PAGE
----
“The difference that access to videogames can make to their quality of life can sometimes be truly transformational.” Mick Donegan, SpecialEffect.
What are some of the golden moments where you realise how life changing the charity is?
With video games there are no borders or boundaries to the countries in which they are played. The only boundaries are those within the games themselves for those people who are unable to play them.
However, as a result of our help, many severely disabled people cannot only compete with, but even beat, non-disabled gamers – sometimes even the professionals. The difference that access to videogames can make to their quality of life can sometimes be truly transformational.
Tom, who had a progressive condition and hadn’t been able to play his favourite game for 15 years, simply said ‘Thank you for giving me my life back.’ It’s feedback like this which affirms the importance of SpecialEffect’s mission on behalf of the people we do our best to help and, on a personal level, makes it all the more worthwhile.
It’s a family charity, how big is the team?
The team has grown steadily over the years to meet demand for our services. There are now 28 full-time and part-time staff based at our office in Oxfordshire. They are a mixture of specialist occupational therapists, technologists, research staff and administrators, plus teams that handle finance, fundraising and communication.
The staff work as a team to help severely disabled individuals on a face-to-face basis, and the blend of occupational therapy and technology skills is important to ensure we can take a holistic approach, taking into account factors such as comfort, safety, environment and existing equipment integration as well as the adapted gaming technology. We also are very lucky to have a large team of volunteers who help us in many ways, for example providing help and events at exhibitions.
“Becky and hundreds of other eye gaze users all over the world are also able to have full control of Minecraft on PC’s using gaze control alone, too.” Mick Donegan, SpecialEffect.
Technology has changed a great deal since you began, what are the notable advances?
In specific relation to videogames, I think that some of the most notable changes have included the Xbox Adaptive controller and the Logitech Assistive Switch Kit. We were involved in the development and trialling of both of these hardware accessibility resources and feel that they are both very welcome resources. They are not only opening up access to gaming opportunities for many more people with physical disabilities across the world but also having a hugely positive impact on the actual design of videogames themselves.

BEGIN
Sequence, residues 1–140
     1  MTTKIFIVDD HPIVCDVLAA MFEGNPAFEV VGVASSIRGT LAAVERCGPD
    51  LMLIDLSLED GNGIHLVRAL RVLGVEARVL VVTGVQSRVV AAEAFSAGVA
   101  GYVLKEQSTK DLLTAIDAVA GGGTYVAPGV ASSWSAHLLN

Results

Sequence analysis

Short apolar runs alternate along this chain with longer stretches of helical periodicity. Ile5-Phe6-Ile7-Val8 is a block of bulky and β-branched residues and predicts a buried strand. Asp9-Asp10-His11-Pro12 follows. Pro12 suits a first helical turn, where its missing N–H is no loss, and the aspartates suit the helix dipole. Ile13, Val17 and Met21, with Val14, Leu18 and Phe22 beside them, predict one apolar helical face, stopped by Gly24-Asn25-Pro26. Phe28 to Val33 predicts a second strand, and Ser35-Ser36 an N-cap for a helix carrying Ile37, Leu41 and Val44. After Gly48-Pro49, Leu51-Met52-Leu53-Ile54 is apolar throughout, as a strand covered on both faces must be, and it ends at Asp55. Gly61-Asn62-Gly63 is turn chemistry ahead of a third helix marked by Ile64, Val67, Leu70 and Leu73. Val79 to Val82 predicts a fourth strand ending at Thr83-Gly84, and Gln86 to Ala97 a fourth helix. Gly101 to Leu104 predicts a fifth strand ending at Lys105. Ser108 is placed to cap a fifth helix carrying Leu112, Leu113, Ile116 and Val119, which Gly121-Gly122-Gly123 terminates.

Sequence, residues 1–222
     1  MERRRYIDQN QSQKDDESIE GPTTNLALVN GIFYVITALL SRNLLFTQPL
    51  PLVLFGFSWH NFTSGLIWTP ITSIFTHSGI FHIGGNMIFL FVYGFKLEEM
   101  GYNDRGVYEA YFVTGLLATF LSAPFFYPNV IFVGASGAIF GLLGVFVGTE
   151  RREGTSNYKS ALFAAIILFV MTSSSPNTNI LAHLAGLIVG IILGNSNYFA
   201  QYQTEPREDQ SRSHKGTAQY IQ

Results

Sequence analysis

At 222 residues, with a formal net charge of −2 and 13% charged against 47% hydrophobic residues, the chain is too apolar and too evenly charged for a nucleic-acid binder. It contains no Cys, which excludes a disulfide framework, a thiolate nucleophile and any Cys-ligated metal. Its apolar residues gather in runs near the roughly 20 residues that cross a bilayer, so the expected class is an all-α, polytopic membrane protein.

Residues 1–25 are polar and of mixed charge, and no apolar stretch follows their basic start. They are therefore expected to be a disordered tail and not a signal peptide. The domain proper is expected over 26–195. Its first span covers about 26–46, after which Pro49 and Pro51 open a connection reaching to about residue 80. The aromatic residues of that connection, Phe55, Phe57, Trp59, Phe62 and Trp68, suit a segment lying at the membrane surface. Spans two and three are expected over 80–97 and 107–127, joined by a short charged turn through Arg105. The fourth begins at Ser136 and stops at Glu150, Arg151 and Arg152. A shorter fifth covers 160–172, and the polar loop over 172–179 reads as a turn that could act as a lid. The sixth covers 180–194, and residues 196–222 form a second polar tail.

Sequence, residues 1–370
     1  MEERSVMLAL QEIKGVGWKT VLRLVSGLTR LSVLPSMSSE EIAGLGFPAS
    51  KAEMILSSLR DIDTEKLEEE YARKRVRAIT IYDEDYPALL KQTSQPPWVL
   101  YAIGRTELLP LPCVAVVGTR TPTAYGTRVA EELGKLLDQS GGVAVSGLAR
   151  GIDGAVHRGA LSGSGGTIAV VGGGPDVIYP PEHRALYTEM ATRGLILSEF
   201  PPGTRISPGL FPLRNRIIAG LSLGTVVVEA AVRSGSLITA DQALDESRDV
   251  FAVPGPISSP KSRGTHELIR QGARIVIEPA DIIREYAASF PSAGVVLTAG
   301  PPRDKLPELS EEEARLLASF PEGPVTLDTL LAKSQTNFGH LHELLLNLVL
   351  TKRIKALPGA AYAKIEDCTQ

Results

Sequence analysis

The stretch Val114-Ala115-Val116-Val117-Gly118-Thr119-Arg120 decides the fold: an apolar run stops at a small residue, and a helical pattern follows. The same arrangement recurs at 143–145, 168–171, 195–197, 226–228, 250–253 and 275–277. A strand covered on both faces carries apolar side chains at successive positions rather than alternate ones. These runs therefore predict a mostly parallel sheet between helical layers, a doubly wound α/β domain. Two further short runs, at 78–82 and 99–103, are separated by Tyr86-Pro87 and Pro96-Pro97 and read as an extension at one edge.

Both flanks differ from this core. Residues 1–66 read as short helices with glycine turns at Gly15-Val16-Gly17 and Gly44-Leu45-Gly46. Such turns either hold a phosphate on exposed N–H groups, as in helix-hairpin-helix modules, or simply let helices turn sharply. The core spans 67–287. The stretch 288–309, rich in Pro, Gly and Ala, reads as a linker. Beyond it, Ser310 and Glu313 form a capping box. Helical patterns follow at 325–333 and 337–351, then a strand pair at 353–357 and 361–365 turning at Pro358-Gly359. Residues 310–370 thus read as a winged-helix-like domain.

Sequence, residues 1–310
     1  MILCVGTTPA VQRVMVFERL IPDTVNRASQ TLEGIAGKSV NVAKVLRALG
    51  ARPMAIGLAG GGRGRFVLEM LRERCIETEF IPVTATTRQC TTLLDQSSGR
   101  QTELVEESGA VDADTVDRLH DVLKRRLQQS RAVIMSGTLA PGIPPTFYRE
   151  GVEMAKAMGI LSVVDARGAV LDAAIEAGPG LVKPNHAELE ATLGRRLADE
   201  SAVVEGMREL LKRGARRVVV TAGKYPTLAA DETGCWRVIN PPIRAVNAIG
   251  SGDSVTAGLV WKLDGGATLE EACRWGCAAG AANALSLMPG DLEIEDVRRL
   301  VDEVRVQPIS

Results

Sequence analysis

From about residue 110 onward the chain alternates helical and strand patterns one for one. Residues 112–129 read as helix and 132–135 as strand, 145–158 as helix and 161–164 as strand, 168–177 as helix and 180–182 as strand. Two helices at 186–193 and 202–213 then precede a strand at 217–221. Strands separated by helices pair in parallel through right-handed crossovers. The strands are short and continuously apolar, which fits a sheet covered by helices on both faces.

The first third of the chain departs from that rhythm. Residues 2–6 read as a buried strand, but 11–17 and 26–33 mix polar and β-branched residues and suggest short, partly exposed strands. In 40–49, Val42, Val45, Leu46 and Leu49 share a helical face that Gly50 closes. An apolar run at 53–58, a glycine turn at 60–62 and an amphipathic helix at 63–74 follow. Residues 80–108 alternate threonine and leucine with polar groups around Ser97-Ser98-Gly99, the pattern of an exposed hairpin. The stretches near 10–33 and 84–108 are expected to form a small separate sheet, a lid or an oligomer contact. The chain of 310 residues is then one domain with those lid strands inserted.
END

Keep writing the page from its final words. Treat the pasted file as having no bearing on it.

Another notable advance has been the availability of low-cost gaze control technology systems specifically for gaming on PCs which are providing greater opportunities for enhanced accessibility for people who can only control the movement of their eyes. For example, one of our young Ambassadors, Becky “Eye Gaze Girl” Tyler, has full control of The Sims 4 using just her eyes instead of a mouse. In addition, using our freely-downloadable ‘EyeMine’ interface, Becky and hundreds of other eye gaze users all over the world are also able to have full control of Minecraft on PC’s using gaze control alone, too.
Indie Dev Interview: SpecialEffect CEO Mick Donegan
As the gamers charity, you’re supported by the entire industry. Can you tell us about some of the amazing organisations and initiatives you’ve done?
As well as the initiatives above, we are currently collaborating with a number of games developers that we’re unfortunately unable to share at this stage due to non-disclosure agreements.
However, one current collaborative project that I can talk about is our ‘Eye Gaze Games’ project with the help of developers ‘Sun and Moon’ of Bristol, due for release later this year. This browser-based suite of games will be freely playable online to anyone in the world, whether on a mobile or PC.
The games will not only be playable using eye moment but also head movement, joystick, switch control, etc. Games such as Chess and Draughts will not only be playable by almost anyone, anywhere on the planet, but gamers will also be able to play with anyone on the planet, whether they are in an intensive care unit in Bristol or on a bus in Bangalore!